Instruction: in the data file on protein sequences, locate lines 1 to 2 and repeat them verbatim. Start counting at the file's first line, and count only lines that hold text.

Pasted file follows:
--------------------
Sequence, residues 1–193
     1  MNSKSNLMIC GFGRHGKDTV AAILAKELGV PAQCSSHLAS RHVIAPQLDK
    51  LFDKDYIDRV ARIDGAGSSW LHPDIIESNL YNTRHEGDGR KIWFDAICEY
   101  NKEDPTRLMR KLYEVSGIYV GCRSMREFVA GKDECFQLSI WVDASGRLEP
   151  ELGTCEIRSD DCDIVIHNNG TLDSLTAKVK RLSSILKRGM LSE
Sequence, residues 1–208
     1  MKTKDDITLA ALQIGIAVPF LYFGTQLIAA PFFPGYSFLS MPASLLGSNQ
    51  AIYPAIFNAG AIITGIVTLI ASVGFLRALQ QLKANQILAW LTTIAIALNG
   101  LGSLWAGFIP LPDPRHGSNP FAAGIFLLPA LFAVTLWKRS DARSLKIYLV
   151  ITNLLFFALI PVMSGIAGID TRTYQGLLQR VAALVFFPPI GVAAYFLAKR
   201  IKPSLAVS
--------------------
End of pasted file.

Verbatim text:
Sequence, residues 1–193
     1  MNSKSNLMIC GFGRHGKDTV AAILAKELGV PAQCSSHLAS RHVIAPQLDK